You can also stretch your nest egg by moving to a place with a lower cost of living than where you live now. If the city has convenient public transportation, you can save even more by going car-less. Annette Mills and David Eckert sold their car two weeks after they moved from Falls Church, Va., to Corvallis, Ore., when they retired in 2006. The couple now gets around using a combination of bikes, public transportation, and walking. "Every time I get on my bike, I feel like I am eight years old again," says Mills, 61, who carries groceries home from the farmers' market and local food co-op in her bike baskets. Biking allows the couple to incorporate exercise into their routine as well as save money. "It is phenomenal all the bills that we don't have anymore," says Eckert, 62, a retired documentary filmmaker. "It's like a huge burden has lifted."
The retirement locations on our list strike a balance between small-town charms and big-city amenities. Georgetown, Texas, for example, is nestled between the scenic Texas Hill Country and Austin, which is only a half hour away.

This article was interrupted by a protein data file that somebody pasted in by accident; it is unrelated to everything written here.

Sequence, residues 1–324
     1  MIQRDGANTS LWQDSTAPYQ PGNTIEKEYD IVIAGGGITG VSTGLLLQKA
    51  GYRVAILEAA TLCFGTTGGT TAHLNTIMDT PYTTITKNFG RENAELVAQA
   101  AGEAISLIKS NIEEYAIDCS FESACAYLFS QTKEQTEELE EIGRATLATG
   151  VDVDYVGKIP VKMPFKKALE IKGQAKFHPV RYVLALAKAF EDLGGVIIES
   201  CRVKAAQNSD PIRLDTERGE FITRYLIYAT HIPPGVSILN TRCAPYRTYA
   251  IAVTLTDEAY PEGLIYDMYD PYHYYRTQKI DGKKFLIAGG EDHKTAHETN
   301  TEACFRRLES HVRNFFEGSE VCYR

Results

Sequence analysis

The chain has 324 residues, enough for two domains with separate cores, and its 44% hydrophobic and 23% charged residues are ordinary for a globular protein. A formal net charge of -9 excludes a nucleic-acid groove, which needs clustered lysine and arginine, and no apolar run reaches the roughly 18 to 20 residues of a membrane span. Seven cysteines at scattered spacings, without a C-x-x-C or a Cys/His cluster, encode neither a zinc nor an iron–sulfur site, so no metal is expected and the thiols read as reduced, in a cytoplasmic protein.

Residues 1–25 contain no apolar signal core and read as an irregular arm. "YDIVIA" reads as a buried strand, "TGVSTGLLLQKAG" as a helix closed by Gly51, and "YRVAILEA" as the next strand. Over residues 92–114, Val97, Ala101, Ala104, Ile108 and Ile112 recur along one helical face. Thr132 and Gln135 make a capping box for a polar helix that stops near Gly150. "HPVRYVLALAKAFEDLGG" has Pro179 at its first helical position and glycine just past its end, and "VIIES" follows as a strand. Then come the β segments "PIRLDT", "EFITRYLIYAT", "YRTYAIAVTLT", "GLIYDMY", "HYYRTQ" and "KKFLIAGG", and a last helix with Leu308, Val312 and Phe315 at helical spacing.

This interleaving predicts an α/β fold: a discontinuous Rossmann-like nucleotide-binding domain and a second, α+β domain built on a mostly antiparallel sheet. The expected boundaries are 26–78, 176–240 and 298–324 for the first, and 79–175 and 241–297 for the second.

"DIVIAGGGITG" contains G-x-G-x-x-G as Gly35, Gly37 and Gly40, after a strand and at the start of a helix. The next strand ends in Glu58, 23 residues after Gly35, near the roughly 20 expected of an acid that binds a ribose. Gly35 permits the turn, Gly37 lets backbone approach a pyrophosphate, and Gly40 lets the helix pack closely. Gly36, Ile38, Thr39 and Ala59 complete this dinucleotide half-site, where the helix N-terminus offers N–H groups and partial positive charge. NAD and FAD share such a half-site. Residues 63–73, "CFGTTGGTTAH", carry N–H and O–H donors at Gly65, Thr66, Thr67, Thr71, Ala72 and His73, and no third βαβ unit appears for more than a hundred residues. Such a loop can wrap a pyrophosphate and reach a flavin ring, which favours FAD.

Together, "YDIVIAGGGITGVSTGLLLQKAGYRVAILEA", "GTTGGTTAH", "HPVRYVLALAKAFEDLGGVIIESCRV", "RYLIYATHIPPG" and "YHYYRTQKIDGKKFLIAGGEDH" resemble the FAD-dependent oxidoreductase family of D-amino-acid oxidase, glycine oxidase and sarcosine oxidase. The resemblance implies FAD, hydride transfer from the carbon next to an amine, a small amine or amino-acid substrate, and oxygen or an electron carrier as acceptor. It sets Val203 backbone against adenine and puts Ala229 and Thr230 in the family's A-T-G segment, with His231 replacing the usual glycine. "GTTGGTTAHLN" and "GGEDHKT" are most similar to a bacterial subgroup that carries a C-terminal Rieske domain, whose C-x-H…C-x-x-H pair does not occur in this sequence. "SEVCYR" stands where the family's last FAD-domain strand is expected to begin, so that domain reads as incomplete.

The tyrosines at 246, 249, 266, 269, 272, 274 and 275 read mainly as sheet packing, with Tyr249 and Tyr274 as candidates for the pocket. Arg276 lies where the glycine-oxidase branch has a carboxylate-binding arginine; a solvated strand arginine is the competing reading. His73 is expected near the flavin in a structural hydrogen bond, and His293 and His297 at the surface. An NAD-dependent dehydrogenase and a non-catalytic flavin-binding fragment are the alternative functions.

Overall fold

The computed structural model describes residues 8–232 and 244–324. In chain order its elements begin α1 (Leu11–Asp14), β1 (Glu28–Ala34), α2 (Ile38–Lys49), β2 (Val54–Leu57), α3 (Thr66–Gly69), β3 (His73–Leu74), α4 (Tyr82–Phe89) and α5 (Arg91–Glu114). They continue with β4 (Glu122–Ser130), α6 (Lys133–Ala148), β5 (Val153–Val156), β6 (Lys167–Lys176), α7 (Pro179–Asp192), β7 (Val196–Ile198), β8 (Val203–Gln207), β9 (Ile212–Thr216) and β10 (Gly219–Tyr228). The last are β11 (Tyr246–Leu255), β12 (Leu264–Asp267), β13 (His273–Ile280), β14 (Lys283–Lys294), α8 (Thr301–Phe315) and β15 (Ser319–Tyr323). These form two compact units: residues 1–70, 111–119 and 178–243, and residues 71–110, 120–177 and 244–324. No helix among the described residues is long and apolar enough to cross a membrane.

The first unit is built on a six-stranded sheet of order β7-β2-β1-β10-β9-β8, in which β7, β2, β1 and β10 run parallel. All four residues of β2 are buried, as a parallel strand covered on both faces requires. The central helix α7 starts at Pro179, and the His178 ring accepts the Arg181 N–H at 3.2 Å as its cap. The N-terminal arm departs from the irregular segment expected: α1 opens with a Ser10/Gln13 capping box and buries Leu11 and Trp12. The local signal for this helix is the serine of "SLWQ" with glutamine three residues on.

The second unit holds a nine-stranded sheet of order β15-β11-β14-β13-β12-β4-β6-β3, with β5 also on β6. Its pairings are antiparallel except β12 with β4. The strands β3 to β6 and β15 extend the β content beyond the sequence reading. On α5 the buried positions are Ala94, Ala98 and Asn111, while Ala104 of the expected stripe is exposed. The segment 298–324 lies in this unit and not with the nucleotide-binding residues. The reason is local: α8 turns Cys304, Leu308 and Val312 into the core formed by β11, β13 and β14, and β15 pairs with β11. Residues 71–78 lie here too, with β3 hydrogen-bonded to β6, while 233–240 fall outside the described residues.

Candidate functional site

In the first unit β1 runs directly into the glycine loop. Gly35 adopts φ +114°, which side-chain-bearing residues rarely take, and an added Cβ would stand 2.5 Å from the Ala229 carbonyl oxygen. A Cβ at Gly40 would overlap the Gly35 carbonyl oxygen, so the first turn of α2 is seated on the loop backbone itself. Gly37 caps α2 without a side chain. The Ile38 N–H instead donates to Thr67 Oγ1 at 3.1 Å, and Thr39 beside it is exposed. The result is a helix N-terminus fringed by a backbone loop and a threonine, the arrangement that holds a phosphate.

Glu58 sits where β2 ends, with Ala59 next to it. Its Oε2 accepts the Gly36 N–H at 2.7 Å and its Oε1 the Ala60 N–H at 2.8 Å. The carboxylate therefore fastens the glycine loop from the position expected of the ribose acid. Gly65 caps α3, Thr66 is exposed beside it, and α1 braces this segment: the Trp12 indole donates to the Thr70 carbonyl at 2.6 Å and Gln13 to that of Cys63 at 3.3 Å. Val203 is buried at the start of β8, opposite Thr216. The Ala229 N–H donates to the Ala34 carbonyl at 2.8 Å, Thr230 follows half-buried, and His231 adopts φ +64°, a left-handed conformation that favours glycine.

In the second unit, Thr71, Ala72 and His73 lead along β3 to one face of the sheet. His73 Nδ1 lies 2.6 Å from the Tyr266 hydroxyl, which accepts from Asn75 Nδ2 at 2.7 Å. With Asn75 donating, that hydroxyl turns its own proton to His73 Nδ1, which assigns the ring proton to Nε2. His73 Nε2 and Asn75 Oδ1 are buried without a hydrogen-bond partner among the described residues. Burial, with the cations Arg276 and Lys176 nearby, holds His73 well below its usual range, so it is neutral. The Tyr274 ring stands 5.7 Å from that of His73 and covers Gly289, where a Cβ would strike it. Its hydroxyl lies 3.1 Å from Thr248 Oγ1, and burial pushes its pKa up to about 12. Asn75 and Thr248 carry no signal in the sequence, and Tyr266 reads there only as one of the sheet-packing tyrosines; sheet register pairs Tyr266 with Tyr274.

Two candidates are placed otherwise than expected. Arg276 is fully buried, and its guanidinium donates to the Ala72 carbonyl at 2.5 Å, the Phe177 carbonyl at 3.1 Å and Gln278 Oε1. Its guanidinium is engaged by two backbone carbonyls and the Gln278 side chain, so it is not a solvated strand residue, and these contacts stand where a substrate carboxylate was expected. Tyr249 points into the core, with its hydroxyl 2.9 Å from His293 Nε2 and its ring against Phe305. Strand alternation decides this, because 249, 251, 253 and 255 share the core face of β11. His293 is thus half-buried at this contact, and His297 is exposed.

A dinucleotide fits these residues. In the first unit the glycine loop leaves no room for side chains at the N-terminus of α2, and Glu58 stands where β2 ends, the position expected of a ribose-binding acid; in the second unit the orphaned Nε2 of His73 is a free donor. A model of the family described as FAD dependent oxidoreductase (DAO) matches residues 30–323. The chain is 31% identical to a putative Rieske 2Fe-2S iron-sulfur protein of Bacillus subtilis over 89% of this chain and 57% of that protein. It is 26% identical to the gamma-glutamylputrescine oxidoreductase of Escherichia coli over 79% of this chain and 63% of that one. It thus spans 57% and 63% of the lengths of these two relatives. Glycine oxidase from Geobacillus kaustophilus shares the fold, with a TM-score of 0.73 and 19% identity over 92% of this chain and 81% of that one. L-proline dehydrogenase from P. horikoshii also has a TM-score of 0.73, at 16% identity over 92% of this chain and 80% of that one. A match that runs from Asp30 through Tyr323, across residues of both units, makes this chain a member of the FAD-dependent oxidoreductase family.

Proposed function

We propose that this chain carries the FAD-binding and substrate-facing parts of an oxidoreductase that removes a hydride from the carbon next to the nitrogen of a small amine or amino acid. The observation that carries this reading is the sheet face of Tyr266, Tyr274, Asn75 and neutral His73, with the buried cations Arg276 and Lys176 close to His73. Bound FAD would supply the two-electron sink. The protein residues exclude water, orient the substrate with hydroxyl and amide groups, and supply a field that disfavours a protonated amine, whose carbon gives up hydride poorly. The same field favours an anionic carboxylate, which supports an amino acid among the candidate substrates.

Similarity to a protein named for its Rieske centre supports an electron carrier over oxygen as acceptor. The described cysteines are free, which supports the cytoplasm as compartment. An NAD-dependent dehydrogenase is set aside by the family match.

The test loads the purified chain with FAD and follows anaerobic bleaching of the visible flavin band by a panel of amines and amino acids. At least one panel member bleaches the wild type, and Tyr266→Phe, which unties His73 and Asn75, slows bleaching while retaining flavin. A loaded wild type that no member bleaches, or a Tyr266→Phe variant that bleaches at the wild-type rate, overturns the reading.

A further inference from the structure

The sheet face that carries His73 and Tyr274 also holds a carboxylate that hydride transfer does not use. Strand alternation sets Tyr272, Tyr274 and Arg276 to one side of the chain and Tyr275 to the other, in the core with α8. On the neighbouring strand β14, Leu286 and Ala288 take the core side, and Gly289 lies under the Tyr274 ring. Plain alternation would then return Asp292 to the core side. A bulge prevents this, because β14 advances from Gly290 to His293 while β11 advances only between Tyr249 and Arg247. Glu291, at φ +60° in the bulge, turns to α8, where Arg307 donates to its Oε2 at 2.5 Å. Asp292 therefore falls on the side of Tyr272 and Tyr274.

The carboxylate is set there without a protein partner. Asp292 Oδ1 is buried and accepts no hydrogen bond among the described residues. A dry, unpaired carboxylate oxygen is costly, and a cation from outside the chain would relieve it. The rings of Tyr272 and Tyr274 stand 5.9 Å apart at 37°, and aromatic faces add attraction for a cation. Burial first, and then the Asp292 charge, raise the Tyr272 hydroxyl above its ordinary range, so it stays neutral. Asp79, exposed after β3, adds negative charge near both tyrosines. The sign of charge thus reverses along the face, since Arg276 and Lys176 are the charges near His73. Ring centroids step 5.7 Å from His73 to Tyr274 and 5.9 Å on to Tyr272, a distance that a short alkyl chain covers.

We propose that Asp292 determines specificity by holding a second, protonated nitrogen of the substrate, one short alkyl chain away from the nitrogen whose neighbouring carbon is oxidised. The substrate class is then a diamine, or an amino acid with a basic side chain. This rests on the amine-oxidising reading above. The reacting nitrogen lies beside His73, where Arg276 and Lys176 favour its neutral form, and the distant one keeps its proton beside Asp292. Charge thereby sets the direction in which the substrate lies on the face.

It would be difficult to run out of things to do in the 400-year-old city of Santa Fe. Anne Anderson, 62, a retired textbook salesperson, chose to stay in Santa Fe when she retired in 2008. An avid art fan, she volunteers at the New Mexico Museum of Art, Spanish Market, and the International Folk Art Market, among other places. "We have monthly meetings for docents and you sign up for what comes in the door," she says. When she's not volunteering, Anderson enjoys soaking up the city's culture. "Last night we were down on the plaza dancing. The night before, we listened to jazz at St. John's College sitting on the lawn," Anderson says. "If you want to do something every night of the week, you just have to choose what."
Check out these 10 great places to reinvent your life in retirement:
Chapel Hill, N.C.
Fort Collins, Colo.
Overland Park, Kan.
Santa Fe, N.M.